For Jacques, it means an enormous change to his life style. He wasn’t too worried about leaving Ligier, because the magic of that seven year relationship was wearing a little thin. He’d experienced good times with Ligier, admittedly, but now he felt it was time for something fresh.
“I think, looking back on it, the great thing about working with Guy was that we had the chance to prove that an all-French team could be competitive. I mean, the Matra engine had raced before, but now it was racing in a French car at a time when British machines were, apart from Ferrari, setting the pace. Ours was the first French F1 car on the contemporary Grand Prix scene, and, inititally at least, I had a good working relationship with Guy Ligier. We had a sympathetic atmosphere in the team and we made a lot of progress. “To start with, however, I lacked race experience. I don’t think that Matra V12 ever had the torque of the Cosworth V8, though I don’t believe there was much in it in terms of out-and-out power. By the end of 1977 I reckon I had sufficient experience to run at the front — that win in Sweden was a great morale booster for me — and my confidence was growing all the time.”
However, the Matra V12 wasn’t the only power unit tried by Ligier over the years. At the end of 1978 the French team owner decided he would switch to Cosworth DFV power. More seriously from Laffite’s point of view, however, he decided to bring Patrick Depailler into the team as joint number one driver. It was a move calculated to produce a degree of tension, and although Laffite opened the season with wins in Buenos Aires and at Interlagos, the situation was hardly what one would describe as cosy. “I remember that as being a particularly difficult period for me,” says Jacques reflectively, “from two points of view. Firstly I felt that the team didn’t really have the resources available to field two number one cars and I wondered if the team was really trying to indicate that they’d lost some of their confidence in me. I suppose that’s a familiar situation for any driver who has been in a single car team, with everybody working for him alone, for several seasons and then finds another rival brought in when the outfit expands to run an extra entry. I never felt that I’d got a problem with Patrick on a personal level, but it was a rather difficult spell trying to adapt my mind to the new conditions.”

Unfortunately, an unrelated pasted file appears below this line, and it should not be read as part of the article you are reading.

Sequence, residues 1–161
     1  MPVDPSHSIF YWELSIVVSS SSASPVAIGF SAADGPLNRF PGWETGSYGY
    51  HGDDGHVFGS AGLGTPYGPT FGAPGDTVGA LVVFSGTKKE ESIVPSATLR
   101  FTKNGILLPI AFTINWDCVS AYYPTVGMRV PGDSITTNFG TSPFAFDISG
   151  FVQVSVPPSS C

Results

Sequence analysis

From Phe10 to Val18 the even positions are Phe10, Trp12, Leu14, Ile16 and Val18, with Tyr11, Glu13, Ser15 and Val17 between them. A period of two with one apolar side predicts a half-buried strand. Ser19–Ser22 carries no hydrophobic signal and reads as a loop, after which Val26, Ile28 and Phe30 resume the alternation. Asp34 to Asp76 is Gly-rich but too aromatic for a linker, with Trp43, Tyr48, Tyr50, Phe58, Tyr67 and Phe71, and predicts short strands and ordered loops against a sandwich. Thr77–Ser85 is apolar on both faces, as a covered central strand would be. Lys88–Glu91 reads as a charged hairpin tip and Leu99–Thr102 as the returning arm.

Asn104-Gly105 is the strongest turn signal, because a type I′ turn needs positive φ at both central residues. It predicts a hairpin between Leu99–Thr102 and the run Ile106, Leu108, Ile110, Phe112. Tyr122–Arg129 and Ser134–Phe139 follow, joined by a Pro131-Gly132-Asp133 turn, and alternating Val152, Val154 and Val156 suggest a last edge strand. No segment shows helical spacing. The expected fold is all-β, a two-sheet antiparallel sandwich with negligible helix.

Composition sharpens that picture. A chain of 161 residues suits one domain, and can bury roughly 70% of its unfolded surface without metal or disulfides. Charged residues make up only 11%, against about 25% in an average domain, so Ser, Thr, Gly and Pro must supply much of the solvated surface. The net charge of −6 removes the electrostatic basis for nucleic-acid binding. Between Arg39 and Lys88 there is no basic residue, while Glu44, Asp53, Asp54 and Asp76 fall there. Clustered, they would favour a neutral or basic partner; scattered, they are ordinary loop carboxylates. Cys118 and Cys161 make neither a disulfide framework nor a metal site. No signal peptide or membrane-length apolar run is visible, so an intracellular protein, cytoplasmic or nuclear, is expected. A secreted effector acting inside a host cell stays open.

That little partnership was abruptly terminated mid-way through the 1979 season when Depailler was badly injured in a hang gliding accident during the F1 calendar’s mid-season break. Laffite recalls his subsequent single-minded recovery with a degree of obvious admiration, a triumph of mind over matter which seems such a tragic waste of effort, in retrospect, as Patrick was to die in an Alfa Romeo testing accident at Hockenheim the following summer just as he’d recovered to reach peak physical fitness at last.
For the 1980 season Laffite’s partner at Ligier was the introspective, almost dour, Didier Pironi. By that time Laffite was warming to the idea of working within a two-car team and freely acknowledges that he had no problems whatsoever with Pironi.
“I think I’d got the message that having a team-mate was something of an advantage with interchange of information,” he remembers, “and, of course, you’ve got to remember that Pironi was significantly less experienced than I was.” But while Jacques accepted the principle that a two car team was better than a one car arrangement, he always seemed happier at Ligier when his number two was his junior. He enjoyed his season in partnership with Eddie Cheever, for example, but wasn’t in the least daunted with his reversal of roles when he joined Williams. After years of holding sway in his pre-eminent position with the French team “where everybody always used to say that the whole thing is built round me”, he relished the challenge of a fresh environment at the start of this season.